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Yesterday was a banner day for the European Commission, which imposed a total of €255 million against parties in the freight forwarders and window mountings cartels.

In the freight forwarders cartel, the Commission fined 14 international groups of companies a total of €169 million for participating in four cartels between 2002 and 2007 to fix the prices and other trading conditions for international freight forwarding services.

Interestingly, the parties in this case took rather elaborate and colourful steps to conceal the cartel, organizing their contacts in a so-called “Gardening Club” and using code-names based on vegetables (e.g., asparagus and baby courgettes) when the parties talked about fixing prices.  The parties also set up a specific Yahoo e-mail account to facilitate the cartel and information exchanges between them.

In the window mountings cartel, nine producers of window mountings were fined a total of €86 million for operating a cartel in which the parties agreed to common price increases.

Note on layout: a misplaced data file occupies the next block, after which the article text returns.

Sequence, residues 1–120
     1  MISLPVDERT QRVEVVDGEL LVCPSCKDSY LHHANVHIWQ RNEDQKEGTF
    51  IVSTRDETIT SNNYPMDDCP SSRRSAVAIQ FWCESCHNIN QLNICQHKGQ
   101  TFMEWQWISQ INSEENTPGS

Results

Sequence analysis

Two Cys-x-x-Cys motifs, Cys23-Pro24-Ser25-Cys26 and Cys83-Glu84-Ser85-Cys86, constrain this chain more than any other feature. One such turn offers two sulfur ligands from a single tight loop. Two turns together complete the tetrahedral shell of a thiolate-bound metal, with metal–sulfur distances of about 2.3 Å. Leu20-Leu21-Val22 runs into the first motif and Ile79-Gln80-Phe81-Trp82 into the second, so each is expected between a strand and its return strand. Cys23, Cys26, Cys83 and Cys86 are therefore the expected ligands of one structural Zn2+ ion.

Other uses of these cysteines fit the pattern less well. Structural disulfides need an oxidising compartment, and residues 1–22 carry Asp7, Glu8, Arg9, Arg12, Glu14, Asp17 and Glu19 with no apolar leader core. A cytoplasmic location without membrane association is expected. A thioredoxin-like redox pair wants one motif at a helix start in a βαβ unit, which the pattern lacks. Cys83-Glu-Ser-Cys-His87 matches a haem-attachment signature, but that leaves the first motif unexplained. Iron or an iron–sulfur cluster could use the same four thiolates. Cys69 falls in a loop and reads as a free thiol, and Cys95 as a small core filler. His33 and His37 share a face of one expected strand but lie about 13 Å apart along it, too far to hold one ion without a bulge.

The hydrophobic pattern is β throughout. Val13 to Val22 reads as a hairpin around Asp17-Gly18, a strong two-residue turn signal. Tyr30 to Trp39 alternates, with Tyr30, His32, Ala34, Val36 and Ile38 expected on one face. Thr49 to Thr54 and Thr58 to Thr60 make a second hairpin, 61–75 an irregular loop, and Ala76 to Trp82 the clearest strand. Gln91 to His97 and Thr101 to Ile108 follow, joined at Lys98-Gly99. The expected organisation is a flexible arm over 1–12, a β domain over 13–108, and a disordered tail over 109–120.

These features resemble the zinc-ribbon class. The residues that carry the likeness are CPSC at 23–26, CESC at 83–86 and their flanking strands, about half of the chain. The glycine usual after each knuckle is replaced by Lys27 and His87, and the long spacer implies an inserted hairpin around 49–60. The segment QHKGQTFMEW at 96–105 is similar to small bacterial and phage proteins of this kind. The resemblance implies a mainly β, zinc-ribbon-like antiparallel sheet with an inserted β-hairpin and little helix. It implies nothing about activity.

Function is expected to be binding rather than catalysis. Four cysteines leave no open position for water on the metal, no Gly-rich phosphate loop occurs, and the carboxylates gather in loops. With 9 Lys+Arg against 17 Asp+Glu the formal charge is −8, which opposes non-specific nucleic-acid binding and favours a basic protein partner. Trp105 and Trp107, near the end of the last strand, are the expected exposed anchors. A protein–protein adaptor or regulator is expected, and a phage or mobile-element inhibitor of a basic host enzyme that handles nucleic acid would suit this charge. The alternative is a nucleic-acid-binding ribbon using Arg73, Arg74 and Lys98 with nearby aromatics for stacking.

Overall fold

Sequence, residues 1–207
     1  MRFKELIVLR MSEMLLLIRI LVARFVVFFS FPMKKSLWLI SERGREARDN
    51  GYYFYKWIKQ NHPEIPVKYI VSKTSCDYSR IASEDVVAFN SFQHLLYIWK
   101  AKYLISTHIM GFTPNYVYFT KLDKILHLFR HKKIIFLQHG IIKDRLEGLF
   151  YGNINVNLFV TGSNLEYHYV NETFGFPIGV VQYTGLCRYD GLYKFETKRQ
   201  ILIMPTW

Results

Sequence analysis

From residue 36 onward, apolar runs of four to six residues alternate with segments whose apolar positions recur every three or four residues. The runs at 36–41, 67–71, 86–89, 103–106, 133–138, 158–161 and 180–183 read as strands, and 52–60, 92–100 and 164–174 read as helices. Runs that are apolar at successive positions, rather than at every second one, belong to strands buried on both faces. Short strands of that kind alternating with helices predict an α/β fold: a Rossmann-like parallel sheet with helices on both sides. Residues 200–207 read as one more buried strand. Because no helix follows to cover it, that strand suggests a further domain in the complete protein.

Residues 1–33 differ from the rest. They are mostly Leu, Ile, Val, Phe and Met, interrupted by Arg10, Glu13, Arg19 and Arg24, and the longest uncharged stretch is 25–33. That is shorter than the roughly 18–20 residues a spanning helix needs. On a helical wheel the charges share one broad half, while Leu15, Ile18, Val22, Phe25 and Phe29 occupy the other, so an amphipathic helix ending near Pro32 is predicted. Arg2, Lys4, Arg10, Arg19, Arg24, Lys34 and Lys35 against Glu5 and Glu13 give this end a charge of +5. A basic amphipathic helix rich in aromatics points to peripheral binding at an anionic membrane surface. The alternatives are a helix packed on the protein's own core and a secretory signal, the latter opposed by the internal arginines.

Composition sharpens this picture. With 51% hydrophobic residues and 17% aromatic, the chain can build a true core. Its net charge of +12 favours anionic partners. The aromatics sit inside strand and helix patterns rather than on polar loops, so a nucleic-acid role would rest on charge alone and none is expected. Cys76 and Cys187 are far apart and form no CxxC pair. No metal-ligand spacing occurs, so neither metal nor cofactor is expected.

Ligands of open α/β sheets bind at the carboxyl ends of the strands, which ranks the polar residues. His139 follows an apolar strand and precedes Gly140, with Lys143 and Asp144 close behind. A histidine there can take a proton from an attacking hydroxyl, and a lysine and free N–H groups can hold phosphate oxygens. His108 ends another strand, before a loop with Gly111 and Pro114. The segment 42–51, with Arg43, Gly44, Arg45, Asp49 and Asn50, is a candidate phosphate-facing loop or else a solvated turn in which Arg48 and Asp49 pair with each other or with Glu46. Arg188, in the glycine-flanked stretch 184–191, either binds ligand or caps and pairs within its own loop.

This cartel was formed and maintained through regular trade association meetings in Germany, which were called the “Permanent Conference”.  On the fringes of association meetings, the parties set price increases for the following year (or agreed to surcharges for raw material costs).  The cartel also involved periodic monitoring and information exchanges to maintain the agreement, through meetings and through the parties’ local sales representatives.

For the Commission’s news releases see: Antitrust: Commission imposes 169 million fine on freight forwarders for operating four price fixing cartels and Antitrust: Commission fines nine producers of window mountings 86 million for price fixing cartel.

For more information about Canada’s conspiracy laws and the Bureau’s Immunity and Leniency Programs see:

Conspiracy (Cartels)

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